Barry (B.J.) Traill directs Pew’s efforts in Australia, where he works with partner organisations to secure protection for outstanding areas of the nation’s natural heritage on land and at sea.
Before joining Pew, Barry worked for 25 years as a conservation advocate and zoologist for Australian state and national organisations. He negotiated private land conservation issues for Trust for Nature in Victoria and also worked on native woodland conservation with the Victorian National Parks Association, Environment Victoria, and The Wilderness Society.
He was instrumental in establishing nationally coordinated work on the protection of Australia’s woodlands, including legislation that sharply reduced broad-scale tree-clearing rates in Queensland. He was a founder of the Northern Australia Environment Alliance and the Invasive Species Council.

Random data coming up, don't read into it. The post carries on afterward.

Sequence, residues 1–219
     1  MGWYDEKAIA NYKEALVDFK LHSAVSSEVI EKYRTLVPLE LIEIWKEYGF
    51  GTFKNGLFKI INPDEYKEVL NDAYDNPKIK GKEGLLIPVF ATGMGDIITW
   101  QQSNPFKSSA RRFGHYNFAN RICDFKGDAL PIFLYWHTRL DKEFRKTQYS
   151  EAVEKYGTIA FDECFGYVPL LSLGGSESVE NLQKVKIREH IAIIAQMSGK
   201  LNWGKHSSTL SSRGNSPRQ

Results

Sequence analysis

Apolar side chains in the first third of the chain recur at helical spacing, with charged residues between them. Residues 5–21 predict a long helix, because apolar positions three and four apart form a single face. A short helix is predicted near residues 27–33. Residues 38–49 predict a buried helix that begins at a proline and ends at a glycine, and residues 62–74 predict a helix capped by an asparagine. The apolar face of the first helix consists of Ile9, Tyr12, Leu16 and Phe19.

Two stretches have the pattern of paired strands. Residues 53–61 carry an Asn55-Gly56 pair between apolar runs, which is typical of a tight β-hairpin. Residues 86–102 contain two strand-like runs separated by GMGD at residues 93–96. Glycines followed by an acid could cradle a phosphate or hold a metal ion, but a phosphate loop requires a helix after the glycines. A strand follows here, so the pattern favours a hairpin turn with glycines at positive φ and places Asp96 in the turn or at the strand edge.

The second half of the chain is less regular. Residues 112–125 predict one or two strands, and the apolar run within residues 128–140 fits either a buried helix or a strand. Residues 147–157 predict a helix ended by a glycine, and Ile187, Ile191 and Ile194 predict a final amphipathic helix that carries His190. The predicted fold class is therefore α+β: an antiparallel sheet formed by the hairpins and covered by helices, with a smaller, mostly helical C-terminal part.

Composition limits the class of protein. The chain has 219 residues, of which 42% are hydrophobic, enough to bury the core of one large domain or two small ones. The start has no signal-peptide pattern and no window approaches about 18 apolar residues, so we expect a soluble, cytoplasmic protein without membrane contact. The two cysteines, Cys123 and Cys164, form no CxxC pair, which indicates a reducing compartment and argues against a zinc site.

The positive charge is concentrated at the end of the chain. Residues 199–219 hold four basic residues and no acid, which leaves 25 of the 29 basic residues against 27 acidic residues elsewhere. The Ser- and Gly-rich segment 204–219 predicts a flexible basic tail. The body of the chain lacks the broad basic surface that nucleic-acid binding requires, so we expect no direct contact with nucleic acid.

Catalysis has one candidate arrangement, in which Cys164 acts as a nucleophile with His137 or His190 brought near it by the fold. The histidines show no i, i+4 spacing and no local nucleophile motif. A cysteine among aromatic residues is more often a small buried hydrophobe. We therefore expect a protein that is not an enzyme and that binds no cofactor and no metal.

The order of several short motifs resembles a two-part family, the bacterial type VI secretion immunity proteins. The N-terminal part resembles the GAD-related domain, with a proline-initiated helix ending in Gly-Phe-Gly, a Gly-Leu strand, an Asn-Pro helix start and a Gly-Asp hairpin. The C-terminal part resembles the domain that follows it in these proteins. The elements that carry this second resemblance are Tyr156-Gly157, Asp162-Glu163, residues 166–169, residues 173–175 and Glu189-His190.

Barry holds a bachelor’s degree and a Ph.D. in terrestrial ecology from Monash University in Melbourne, Australia.
Recent WorkView All
The Great Western Woodlands—a vast tract of ancient salt lakes, mallee and tall eucalypts—may be the last forest in Australia where native birds are not in sharp decline. Read More
While the results of the recent Australian federal election have been anything but clear, the success of the government-funded Indigenous Ranger and Indigenous Protected Area (IPA) programs was obvious before the marathon campaign even began. Read More
Australia is leading the way in Indigenous land and sea management by using ranger groups to manage protected areas across the country through two important programs: Working on Country and Indigenous Protected Areas (IPAs). These programs help manage the health of the Outback while also delivering important economic and social benefits to Indigenous people. Read More